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Bekaii-Saab Highlights Emerging Agents in Pancreatic Cancer Pipeline

Danielle Bucco
Published: Friday, Mar 30, 2018

With that being said, 1 of the elements that is important to keep in mind is that many physicians confuse performance status with symptoms that are not well controlled. Once you optimize the symptom control for patients, then you can better assess performance status. If a patient has a poor performance status, they often have pain and are not eating well. However, if they are put on enzymes, pain medications, and occasionally steroids, it can improve their appetite and activity.

Some patients went from a performance status of 2 or 3 to a performance status of 0 or 1. Many of them benefitted from treatment so it is important to keep in mind that performance status is a big detriment of who should get aggressive therapy versus no therapy. However, we don't make conclusions about performance status until we optimize the symptoms of the patient. 

What targeted therapies and immunotherapy agents are coming down the pipeline?

Pancreatic cancer is now seeing more of an understanding of the molecular and genetic drivers. We are understanding what subsets of patients may benefit from certain treatments. For patients with microsatellite instability-high (MSI-H) tumors, immunotherapy works best. That subgroup was included in the study that led to the approval of pembrolizumab (Keytruda) in MSI-H cancers. There were a few patients with pancreatic cancer who had incredible responses. One patient continues to be in a complete remission from that treatment.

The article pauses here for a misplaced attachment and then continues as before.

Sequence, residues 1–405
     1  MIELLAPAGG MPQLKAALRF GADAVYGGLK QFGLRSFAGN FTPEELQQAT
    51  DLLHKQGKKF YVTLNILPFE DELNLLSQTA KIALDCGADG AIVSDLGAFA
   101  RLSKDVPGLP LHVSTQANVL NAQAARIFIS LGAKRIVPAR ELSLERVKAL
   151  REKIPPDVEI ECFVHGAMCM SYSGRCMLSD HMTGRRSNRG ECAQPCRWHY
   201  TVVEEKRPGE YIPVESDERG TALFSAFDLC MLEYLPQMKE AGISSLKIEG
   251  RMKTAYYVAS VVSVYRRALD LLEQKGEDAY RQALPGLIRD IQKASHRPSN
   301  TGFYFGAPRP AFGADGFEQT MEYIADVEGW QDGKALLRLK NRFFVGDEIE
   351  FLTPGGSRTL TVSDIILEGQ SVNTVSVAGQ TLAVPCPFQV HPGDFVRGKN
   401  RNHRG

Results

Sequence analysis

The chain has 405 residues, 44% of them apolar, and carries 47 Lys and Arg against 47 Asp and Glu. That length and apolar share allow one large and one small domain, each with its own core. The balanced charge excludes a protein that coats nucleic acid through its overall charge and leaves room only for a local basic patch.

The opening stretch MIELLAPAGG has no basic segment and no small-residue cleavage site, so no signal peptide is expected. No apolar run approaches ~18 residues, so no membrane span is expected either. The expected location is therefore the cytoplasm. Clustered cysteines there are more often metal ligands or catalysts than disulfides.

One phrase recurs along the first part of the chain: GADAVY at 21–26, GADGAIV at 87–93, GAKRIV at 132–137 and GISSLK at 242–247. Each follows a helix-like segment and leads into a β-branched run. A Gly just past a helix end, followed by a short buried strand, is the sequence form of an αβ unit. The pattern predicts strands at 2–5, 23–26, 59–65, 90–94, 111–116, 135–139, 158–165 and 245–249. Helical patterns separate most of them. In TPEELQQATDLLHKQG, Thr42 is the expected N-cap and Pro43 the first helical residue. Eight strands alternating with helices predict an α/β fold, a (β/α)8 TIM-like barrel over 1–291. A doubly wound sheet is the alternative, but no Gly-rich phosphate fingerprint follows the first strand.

mutations and homologous recombination deficiency (HRD) as they may benefit from platinum-based treatment and PARP inhibitors. There are studies evaluating different PARP inhibitors in pancreatic cancer. 

Can you hone in on the PARP inhibitor approaches in these patients?

The 3 PARP inhibitors that have been studied the most are veliparib, olaparib, and rucaparib. Veliparib appears to be the least potent. There are rare reports of any single-agent activity of this drug in pancreatic cancer. I don't think that this agent should be developed for pancreatic cancer. I am not even sure that it has enough potency as a PARP inhibitor. 
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Oncology Briefings™: Individualizing Treatment After Second-Line Therapy for Patients With mCRCAug 29, 20191.0
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